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ABSTRACT: Background: Breast cancer is one the most common cause of cancer-related deaths among women worldwide. The aims of this study were to investigate the impact of dietary factors and health status indicators on breast cancer (BC) incidence. Materials and Methods: Risk factor data (RFD) of 89,404 individuals (15-64 years old) were gathered by questionnaire and laboratory examinations through a cross sectional study from the Non- Communicable Disease Surveillance Centre (NCDSC) of Iran. BC incidences of all provinces through 2001-2006 segregated by age and gender were obtained from the Cancer Registry Ministry of Health (CRMH). Results: a significant positive relationship was seen between diabetes mellitus, fish consumption, percent of academic education and non-consumption of fruit, and breast cancer in women. However, non fish consumption, percent age illiteracy and taking fruit showed a significant negative relationship with the incidence of breast cancer. In addition, multiple linear regression analysis showed associations among percentage with academic education, fruit consumption and diabetes. Conclusions: We conclude that dietary factors such as fish and fruit consumption, dairy products, health status indicators, academic education, and some diseases like diabetes mellitus can affect the BC incidence, although the results of ecologic studies like this must naturally be interpreted with caution.Asian Pacific journal of cancer prevention: APJCP 09/2013; 14(9):5123-5. DOI:10.7314/APJCP.2013.14.9.5123 · 2.51 Impact Factor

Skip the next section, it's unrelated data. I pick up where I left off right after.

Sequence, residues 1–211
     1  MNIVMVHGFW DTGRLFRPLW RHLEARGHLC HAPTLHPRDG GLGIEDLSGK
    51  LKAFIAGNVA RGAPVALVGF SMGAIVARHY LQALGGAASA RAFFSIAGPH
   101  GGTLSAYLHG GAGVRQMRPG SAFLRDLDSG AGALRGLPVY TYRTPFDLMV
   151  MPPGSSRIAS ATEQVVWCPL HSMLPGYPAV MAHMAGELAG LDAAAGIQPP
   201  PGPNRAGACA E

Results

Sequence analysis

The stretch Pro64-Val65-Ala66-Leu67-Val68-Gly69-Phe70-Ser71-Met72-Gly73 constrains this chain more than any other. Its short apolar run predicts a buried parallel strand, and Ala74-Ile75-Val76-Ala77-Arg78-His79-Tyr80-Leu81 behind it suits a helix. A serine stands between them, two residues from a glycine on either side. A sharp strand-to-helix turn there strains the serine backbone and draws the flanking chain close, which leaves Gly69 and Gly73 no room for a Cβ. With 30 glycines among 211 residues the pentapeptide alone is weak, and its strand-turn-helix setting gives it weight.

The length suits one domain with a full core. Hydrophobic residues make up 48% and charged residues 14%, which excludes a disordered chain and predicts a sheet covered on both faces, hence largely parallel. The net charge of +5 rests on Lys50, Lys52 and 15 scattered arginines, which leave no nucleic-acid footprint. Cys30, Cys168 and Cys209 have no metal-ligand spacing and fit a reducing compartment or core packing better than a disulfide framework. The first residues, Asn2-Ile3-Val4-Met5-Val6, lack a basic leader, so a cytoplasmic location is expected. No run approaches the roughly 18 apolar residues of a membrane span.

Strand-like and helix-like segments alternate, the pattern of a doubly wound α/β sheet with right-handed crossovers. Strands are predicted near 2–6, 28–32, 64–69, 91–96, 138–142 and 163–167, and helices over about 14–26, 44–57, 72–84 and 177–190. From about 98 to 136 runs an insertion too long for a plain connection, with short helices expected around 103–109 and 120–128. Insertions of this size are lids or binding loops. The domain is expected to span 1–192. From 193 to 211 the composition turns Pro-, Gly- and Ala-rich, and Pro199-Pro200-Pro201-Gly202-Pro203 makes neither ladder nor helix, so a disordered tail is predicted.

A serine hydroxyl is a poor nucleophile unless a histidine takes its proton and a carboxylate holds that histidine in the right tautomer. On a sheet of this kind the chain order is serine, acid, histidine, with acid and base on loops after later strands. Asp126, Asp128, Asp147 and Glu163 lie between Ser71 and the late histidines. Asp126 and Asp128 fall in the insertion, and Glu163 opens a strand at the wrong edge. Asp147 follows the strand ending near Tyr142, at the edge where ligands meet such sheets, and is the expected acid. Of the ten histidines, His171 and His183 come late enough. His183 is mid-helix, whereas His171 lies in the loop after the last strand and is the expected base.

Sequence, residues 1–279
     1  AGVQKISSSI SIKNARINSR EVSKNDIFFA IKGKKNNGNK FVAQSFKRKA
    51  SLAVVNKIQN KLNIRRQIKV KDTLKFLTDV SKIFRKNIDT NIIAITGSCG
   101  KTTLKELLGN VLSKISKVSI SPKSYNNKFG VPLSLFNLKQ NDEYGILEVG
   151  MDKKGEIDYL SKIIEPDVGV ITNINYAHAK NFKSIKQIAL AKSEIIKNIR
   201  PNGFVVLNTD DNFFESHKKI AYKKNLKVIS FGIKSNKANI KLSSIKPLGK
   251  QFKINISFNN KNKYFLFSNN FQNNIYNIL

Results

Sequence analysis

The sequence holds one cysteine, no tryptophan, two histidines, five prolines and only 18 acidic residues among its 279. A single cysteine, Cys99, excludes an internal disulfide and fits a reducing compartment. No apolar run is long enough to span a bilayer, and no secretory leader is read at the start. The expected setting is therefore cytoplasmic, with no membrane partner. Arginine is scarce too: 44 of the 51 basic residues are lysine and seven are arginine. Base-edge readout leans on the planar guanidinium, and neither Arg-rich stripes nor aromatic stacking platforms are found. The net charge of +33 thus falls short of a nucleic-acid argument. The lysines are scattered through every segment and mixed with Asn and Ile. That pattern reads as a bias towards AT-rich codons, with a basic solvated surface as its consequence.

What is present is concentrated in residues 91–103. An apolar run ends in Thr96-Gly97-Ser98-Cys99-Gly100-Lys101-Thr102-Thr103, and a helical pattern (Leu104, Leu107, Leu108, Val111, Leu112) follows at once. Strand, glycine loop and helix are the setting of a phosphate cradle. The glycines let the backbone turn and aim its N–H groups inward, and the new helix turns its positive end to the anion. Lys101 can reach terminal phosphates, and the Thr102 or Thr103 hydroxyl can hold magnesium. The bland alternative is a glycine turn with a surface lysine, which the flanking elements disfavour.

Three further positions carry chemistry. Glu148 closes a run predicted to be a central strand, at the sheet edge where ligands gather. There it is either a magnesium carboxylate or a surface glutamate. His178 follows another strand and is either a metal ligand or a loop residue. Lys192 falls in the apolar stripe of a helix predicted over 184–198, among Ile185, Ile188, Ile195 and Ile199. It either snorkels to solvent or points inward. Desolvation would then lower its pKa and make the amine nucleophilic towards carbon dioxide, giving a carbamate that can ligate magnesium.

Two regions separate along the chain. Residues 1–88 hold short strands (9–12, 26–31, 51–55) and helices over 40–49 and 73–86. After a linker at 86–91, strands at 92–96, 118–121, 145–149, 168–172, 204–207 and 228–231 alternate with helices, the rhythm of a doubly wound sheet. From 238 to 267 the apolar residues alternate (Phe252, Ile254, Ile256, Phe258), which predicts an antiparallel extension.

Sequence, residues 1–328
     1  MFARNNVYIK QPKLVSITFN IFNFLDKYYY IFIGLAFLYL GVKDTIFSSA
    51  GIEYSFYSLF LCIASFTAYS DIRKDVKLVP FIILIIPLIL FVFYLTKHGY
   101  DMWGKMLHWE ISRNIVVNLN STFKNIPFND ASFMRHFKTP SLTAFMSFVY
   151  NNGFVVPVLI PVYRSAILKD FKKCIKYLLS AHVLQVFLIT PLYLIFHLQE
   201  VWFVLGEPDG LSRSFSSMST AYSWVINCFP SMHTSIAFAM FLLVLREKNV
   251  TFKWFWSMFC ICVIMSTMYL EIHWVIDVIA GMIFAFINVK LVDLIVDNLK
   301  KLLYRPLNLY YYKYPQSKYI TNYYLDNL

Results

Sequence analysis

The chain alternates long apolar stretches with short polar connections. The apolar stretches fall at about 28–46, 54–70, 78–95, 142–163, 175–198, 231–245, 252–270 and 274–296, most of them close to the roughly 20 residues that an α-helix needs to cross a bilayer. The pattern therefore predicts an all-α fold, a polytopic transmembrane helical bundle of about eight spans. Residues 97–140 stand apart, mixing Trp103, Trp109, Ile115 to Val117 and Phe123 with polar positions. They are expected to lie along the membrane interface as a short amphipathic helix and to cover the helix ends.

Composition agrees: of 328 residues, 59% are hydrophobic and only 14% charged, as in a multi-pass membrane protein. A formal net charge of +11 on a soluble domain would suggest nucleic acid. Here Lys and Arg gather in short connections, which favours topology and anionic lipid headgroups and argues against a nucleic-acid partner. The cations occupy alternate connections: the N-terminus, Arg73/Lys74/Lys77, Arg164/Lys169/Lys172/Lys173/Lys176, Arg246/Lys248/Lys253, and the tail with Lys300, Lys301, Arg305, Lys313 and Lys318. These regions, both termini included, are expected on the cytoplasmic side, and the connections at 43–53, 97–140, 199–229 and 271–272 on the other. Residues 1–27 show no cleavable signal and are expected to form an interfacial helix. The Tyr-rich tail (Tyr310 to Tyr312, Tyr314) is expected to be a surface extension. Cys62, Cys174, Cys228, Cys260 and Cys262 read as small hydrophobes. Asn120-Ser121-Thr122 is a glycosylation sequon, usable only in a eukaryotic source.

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ABSTRACT: Background: Despite the considerable epidemiological relevance of cancer in developing countries, there are very few studies of the burden related to cancer. The aim of this study was to present and discuss data from a burden-of-cancer study performed in a Southern Brazilian state. Methods: An epidemiological study of ecological design was performed to calculate the disability-adjusted life year (DALY) index. The study was based on records of individuals admitted and treated for cancer in the Brazilian National Health System Hospitals, or individuals who had died of cancer while residing in the state of Santa Catarina in 2008. Results: A total of 73,872.9 DALYs were estimated, which generated a rate of 1220.5 DALYs/100,000 inhabitants. The highest DALYs were those for cancer of the trachea, bronchus and lung with 179.0/100,000 inhabitants, gastric cancer with 101.7/100,000 inhabitants, and breast cancer with 99.7/100,000 inhabitants. The percentage contribution of the DALY component varied according to cancer type; however, mortality was the major component in all types. The highest rates were observed in 60-69-year-olds with 6071.3/100,000 inhabitants, in 70-79-year-olds with 5095.4/100,000 inhabitants, and in 45-59-year-olds with 3189.0 DALY/100,000 inhabitants; 53.7% of DALYs occurred in males. Conclusions: The greatest burden of disease due to cancer in Santa Catarina was attributed to cancer of the trachea, bronchus and lung, followed by gastric and breast cancers. The mortality component was responsible for the greatest burden.09/2013; 37(6). DOI:10.1016/j.canep.2013.08.007